Written by Dr Sanjay Borude
India has the second highest number of obese children in the world, with 14.4 million reported cases, according to a new study published in The New Journal of Medicine. The country is the second most populous nation in the world with 27.05 per cent of its population in the 0-14 age range. The obesity rank corresponds to India’s global position in terms of population, but the numbers are alarming nonetheless.
It is commonly believed that– the list is endless. But social and cultural factors are equally responsible and often unaccounted for. The paucity of playgrounds in urban areas leads to children remaining glued to screens with little physical activity. Their day is packed with extracurricular activities and tuitions, leaving no time or energy for play. Physical activity becomes minimal or is missing from daily schedules unless obesity or its symptoms arise. Exercise is often perceived or undertaken as a measure to combat obesity. Many forget that physical activity is important for sound physiological, mental and overall well-being, irrespective of whether the person is overweight or otherwise. It cannot be reiterated enough that obese children are at a high risk of suffering from chronic diseases later in life.
When a family seeks help for their obese child, doctors commonly begin with a conservative plan that focuses on diet. Alongside counselling, the family is advised on diet plans and daily calorific intake. For some children, the doctor may advise an exercise programme coupled with behavioural change, a nutritionist and a mental health professional’s expertise along with the doctor’s guidance.
Studies suggest that lifestyle modification, along with parental support, works best for most children. Obesity among children is not simple. It is not only a result of over-eating and not engaging in physical activity. Many factors are at play here: the child’s genes, hormonal cycles that dictate metabolism, sleep cycles, the family’s socio-economic status and lifestyle choices.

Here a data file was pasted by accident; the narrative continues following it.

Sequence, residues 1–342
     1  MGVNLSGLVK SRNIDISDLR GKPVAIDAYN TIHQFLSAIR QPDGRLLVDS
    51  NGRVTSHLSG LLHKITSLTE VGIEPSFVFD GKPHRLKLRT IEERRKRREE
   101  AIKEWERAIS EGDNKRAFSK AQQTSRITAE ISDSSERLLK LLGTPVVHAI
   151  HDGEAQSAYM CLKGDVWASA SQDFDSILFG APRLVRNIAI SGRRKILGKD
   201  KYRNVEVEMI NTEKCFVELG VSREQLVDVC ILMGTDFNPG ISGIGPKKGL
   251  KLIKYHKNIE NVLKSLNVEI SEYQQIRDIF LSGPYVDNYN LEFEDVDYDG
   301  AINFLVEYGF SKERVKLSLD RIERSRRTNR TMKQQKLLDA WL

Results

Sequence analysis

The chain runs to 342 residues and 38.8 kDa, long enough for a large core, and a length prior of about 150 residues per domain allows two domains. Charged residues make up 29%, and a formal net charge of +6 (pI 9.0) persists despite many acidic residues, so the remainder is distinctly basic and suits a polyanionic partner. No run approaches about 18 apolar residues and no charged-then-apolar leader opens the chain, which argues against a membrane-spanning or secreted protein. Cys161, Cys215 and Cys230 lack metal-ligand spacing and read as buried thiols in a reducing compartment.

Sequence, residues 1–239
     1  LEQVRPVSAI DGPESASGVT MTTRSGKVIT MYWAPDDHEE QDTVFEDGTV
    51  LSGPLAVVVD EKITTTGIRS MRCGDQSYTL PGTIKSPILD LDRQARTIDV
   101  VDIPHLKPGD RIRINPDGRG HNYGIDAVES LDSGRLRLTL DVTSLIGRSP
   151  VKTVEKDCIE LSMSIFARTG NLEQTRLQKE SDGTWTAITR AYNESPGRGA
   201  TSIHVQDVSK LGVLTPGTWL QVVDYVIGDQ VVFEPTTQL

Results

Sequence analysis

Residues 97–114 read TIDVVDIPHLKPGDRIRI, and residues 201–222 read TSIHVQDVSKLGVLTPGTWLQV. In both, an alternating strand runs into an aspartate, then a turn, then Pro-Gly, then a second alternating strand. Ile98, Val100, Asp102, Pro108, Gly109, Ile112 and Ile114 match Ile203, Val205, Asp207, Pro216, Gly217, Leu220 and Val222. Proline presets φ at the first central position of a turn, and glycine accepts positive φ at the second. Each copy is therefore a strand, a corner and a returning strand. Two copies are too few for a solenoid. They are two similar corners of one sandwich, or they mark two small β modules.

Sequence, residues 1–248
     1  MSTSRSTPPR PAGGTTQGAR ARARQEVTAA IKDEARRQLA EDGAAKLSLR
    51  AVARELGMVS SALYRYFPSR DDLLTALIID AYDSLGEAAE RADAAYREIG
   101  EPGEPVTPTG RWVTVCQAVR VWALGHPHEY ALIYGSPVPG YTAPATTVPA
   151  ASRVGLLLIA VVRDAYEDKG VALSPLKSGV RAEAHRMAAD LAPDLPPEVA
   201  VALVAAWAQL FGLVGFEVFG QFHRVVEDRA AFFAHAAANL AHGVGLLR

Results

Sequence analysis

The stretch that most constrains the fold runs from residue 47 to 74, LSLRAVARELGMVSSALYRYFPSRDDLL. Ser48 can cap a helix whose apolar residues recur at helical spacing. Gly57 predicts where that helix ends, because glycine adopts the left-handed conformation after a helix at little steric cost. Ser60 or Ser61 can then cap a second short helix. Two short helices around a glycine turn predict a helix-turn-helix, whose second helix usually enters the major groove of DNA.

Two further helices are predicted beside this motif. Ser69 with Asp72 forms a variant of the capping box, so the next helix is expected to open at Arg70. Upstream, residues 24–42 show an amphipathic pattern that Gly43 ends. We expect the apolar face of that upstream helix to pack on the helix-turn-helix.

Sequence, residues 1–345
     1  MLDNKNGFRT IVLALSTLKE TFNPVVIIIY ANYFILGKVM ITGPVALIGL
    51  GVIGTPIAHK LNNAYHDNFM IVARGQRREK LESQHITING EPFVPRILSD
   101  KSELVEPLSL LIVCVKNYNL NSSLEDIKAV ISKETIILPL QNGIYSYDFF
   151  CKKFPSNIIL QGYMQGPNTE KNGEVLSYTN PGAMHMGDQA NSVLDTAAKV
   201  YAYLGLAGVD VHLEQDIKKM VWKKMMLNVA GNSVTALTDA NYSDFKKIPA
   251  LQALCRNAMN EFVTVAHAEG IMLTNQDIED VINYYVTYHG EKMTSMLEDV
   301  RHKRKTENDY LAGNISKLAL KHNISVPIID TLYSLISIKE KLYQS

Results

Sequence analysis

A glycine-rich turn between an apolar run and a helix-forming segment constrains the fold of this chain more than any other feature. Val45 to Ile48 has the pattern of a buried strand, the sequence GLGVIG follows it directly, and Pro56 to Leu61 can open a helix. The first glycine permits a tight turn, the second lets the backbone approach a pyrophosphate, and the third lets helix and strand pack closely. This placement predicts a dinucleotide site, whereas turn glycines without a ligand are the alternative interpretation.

Years ago, I conducted a survey on the weight and BMI (body mass index) of children attending a school that was located in a lower middle-class locality in Mumbai. They lived in simple settlements; did not pursue many extra classes or own gizmos that would keep them glued to sofas. It implied that most children would be of appropriate weight. My happiness was short-lived because during a subsequent interview, the students confessed that they had a high affinity for junk food, such as pastries and pizzas. The seemingly healthy bunch was clearly unhealthy and at a high risk of gaining weight in future.
Shed the myths
Myth 1: Childhood obesity is genetic
Fact: While genes do influence weight, they are only one small part of the equation. Most kids can maintain a healthy weight if they eat right and exercise.
Myth 2: Children who are obese or overweight should be put on a diet.
Fact: Unless directed by your child’s doctor, the treatment for childhood obesity is not weight loss. The goal should be to slow down or stop weight gain, allowing your child to grow into their ideal weight.
Myth 3: It’s just baby fat. Children will outgrow the weight.
Fact: Childhood obesity does not always lead to obesity in adulthood, but it does raise the risks dramatically.
Healthier food choices
Start by taking small, gradual steps towards healthy eating. If the family is accustomed to desserts after meals, one can swap a fruit-based cake or pudding in place of ice cream or deep-fried sweets. Parents can then move towards reducing dessert quantities or meal portions to balance the calories consumed. Similarly, if children tend to snack in front of the television, parents can offer fruit or snacks like “kurmura” (puffed rice), seeds, etc. Add a salad to dinner every night or swap French fries for baked potatoes and later, baked potatoes with baked vegetables.
A visual treat
There is always a way to create interesting patterns for children. The diet can be designed to include red (beets, tomatoes), orange (carrots, squash), yellow (potatoes, bananas), green (lettuce, broccoli) and so on – just like eating a rainbow. Fruits can be frozen and served as popsicles; vegetables can be cut into strips and served to resemble pasta, and so on. You can also explore recipes with your child and understand tastes that appeal to them and devise food accordingly. Fussy eaters can be lured into eating a variety of foods if presented invitingly, like a bowl of ice cream garnished with fruit or pasta made fun with colourful veggies like broccoli, purple cabbage, tomatoes, etc. You can also make a game out of identifying colours with younger kids.